Although Blake Christiana has limited experience with the needle and spoon (he admits he tried heroin once at age 16), he doesn’t hesitate to weave junky romance into his lonely acoustic tales, like losing the girl when she finds him prepping his vein in the new song “I Wanted to get High.” It’s not uncommon for barrooms full of fans to chime in, singing, “Throw away my money/Throw away my friends/Throw away my future on a cold bag of sin/When I wanted to get high.” Few actually process that the sing-along lyrics are not about a bag of green stuff.

“I like to make it as dark as possible,” says Christiana. “Some songs are straight from experience. Others are just exaggerated yarns, as they say. But I definitely don’t have a heroin problem.”

Truth be told, he’d be hard-pressed to balance a dope habit with the demands of an increasingly popular touring band. The song-driven Americana group’s third release, 2010’s Come on In, was built on the following gained from 2008’s Empty Pockets. Empty Pockets made a splash partially thanks to guest appearances by Tony Trischka, Casey Dreissen, Edie Brickell, and Caitlin Cary of Whiskeytown.

Fortunately, Christiana is endearing enough that he can e-mail Paul Simon’s wife (Brickell) and soon thereafter find her singing harmony beside him. He and his bandmates — mandolinist Andrew Hendryx, bassist Rick Bugel, drummer Robert Bonhomme, and guitarists Trevor MacArthur and Rod Hohl — have built relationships around Charleston and Folly Beach.

A YouTube video on their site (search: “Yarn Folly Daze”) chronicles the four days they spent on Folly last winter, canceling tour stops in Florida in favor of staying put, playing impromptu shows at the Drop In Deli and Surf Bar, and drinking heavily, much to the delight of locals.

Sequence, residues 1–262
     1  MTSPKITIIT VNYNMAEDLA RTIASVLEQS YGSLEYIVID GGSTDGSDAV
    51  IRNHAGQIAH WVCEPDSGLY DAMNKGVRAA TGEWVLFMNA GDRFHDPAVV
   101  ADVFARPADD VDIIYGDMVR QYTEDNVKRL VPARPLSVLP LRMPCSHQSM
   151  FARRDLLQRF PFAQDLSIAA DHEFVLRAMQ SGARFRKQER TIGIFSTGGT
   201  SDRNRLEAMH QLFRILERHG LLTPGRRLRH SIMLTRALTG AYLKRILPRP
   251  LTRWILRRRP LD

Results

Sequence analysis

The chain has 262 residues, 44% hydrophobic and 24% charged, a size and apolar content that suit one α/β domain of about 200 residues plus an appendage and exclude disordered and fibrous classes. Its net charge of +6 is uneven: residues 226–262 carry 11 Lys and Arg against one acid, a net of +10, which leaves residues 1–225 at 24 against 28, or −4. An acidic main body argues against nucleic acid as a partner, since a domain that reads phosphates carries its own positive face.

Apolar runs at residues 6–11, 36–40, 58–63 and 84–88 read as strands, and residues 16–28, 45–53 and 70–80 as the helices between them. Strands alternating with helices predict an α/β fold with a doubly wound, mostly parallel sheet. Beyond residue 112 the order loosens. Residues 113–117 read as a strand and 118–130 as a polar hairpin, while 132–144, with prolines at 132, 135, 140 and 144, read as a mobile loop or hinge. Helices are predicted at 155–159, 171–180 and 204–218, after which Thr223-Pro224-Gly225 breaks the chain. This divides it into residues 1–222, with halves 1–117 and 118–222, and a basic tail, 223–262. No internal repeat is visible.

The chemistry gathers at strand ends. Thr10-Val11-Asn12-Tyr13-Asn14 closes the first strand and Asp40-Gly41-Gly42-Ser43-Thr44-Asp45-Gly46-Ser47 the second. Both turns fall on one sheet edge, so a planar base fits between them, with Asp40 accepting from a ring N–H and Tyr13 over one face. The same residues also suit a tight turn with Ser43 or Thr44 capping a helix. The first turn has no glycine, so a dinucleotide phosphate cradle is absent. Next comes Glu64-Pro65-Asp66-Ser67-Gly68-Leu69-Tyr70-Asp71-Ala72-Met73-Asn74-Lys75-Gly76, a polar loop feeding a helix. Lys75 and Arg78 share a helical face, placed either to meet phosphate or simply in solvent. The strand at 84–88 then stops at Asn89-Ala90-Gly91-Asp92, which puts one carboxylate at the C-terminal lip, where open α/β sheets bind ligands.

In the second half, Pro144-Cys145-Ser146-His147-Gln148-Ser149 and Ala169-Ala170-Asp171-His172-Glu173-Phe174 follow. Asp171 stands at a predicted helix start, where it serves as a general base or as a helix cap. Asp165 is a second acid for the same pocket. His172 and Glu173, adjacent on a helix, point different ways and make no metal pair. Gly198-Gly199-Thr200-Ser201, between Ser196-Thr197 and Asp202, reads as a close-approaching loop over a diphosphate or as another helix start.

“I want to get stranded on Folly again,” laughs Christiana, recalling that in a sober moment, the band opted to leave under the cover of night before getting caught for another day. “Y’all know how to do it,” he says. “I love it down there.”

This time around, Yarn’s stop at the Pour House doesn’t leave time for a Folly jaunt. They return in support of Leftovers, Volume 1, a collection of unreleased tracks recorded during sessions for their first two albums. Christiana anticipates a second volume in the fall.

In the meantime, he’s been busy writing new material, including a slew of seven tunes penned in one week in May. It’s part of what he calls the “morning songs experiment” (available on the band’s website). Christiana announced that every morning after waking, he’d compose and complete a song before moving on to the rest of his day, releasing a video recording immediately on the site. The results are impressive, reaching from the utter despair of forlorn loneliness (“My Wasted Life”) to a highway song titled about bandits rushing for the Mexico border ahead of the cops (“One More Mile”).

“By day two, I was like, ‘Fuck this,’ but it was funny because certain days felt really good and easy,” recalls Christiana. “We’re already playing six of those tunes with the band. A couple of them have some balls live.”

On one struggling morning, Christiana penned a tune called “Thank You for Coming Round.” It managed to strike a chord of true American folk ever more difficult to find in his New York hometown. While he sang, low and slow over quiet guitar chords, an American flag rested on the couch beside him, and a siren passed outside his Brooklyn apartment window.

“That’s my blankey,” explains Christiana, surprised by the observation. “I guess it just happened to be crumpled up there. I had just gotten up.”

Christiana says he’s often explaining to reporters that his brand of country-ish folk songwriting isn’t faking a Southern style, but continuing a New York tradition that’s mostly been forgotten.

That may be so, but Christiana has fallen victim to at least one incomparable perk of the South these days, spending most of his time off from touring with his girlfriend in Raleigh, N.C.

“There ain’t nothing better than a Southern girl,” laughs the Yankee convert. “Especially one with a real country accent.”